“The Song of Achilles” by Madeline Miller – Doomed Beauty

Despite as a rule giving supernatural and magic realism a wide berth, I find Greek and Roman myths and Homer’s Iliad and Odyssey intriguing examples of storytelling and creative writing from nearly three thousand years ago. With an academic background in the Classics, Madeline Miller has produced a vividly imagined modern take on the famous drama of the warrior Achilles and his friend and lover Patroclus. After a decade of research, she has crafted a tightly plotted tale to which we can relate, despite the different values and customs of the day, through the well-developed main characters and dialogue which is modern, without jarring.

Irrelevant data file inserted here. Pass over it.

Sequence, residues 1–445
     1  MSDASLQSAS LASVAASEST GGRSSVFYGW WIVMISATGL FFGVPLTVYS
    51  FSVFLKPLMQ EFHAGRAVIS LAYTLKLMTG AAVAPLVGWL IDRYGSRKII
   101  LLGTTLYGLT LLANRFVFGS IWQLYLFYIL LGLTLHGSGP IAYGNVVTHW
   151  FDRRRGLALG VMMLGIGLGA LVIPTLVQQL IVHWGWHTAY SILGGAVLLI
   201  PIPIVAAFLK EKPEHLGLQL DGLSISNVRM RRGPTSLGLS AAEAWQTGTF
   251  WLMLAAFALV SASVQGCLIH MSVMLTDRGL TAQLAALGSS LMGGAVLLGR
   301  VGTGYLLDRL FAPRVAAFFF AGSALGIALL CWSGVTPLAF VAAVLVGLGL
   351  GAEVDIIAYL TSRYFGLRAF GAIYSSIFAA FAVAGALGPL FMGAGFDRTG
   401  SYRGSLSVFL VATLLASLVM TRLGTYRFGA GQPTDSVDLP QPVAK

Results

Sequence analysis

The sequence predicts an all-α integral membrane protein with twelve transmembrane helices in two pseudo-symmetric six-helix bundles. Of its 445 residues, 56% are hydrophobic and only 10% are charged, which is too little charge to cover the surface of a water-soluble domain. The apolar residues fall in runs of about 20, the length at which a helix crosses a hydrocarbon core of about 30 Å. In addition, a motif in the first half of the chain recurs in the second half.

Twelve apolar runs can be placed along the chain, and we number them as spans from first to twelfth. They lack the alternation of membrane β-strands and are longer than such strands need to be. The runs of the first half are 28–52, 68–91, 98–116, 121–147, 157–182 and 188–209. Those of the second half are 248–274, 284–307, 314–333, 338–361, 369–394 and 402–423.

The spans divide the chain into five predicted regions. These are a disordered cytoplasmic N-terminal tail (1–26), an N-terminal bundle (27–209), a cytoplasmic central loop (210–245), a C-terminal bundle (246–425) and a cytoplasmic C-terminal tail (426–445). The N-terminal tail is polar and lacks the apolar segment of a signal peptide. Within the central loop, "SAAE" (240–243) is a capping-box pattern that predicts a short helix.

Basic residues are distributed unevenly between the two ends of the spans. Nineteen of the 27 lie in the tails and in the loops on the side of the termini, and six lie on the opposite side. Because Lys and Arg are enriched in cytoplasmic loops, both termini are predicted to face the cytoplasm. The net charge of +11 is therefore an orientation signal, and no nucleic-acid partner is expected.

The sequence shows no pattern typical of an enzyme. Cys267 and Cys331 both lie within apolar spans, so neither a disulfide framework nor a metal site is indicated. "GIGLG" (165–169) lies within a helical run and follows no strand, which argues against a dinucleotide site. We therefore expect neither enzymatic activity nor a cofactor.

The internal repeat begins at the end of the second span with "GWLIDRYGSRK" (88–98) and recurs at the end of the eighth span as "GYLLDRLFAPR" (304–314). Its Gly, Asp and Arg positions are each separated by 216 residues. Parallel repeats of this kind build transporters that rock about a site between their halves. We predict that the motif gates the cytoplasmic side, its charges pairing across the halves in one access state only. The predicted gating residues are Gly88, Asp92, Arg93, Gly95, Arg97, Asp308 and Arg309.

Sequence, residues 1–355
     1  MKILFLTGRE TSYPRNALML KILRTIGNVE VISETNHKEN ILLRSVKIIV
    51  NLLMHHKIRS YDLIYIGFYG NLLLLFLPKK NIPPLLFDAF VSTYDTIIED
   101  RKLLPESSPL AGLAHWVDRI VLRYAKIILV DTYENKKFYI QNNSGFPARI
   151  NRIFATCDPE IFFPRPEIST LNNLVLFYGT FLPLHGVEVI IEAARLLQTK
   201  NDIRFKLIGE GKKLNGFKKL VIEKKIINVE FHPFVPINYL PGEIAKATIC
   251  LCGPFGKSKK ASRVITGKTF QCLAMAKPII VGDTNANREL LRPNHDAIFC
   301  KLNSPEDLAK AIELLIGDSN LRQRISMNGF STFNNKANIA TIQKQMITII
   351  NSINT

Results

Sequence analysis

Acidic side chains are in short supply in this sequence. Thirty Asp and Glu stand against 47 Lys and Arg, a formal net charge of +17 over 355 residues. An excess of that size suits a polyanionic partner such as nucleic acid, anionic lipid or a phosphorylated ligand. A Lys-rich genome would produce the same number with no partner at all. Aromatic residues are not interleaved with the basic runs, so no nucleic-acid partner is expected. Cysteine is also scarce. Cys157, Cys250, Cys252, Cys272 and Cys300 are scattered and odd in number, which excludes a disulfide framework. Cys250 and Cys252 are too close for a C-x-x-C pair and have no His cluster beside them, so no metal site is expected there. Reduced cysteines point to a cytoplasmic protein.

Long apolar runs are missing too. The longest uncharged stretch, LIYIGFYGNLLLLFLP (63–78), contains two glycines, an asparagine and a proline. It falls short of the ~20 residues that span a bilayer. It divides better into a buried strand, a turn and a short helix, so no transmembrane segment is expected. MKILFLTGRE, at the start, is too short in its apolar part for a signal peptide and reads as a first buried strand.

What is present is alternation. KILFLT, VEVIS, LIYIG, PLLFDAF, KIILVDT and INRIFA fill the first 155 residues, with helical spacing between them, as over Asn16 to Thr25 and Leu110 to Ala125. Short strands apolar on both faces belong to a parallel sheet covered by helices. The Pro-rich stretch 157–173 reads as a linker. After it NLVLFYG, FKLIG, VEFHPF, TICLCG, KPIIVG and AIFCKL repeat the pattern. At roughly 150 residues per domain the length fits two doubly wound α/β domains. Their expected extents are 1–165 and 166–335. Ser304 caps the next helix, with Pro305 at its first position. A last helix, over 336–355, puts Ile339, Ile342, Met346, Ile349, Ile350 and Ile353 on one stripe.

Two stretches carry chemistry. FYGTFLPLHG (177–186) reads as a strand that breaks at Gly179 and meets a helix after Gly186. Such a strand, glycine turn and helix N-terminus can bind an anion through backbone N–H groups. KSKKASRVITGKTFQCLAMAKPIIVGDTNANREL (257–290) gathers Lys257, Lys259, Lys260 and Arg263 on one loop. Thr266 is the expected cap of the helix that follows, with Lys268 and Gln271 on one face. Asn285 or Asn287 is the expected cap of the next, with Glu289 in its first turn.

The story is told from the viewpoint of Patroclus, a Greek prince who is exiled from his unloving father’s kingdom at the age of only nine for having accidentally killed a boy who bullied him. At the court of the kindly King Peleus, Patroclus catches the eye of his charismatic son Achilles, and the two become firm friends and eventually lovers. With the sea goddess Thetis for a mother, Achilles is fated to become immortalised in memory as the greatest warrior of his generation, the price being that he will die young. This seems likely to happen sooner than he and Patroclus might wish, since the Greek kings and princes are bound by an oath to fight for the return to Menelaus of his beautiful wife Helen, who has been abducted (perhaps willingly) by the reckless Prince Paris of Troy.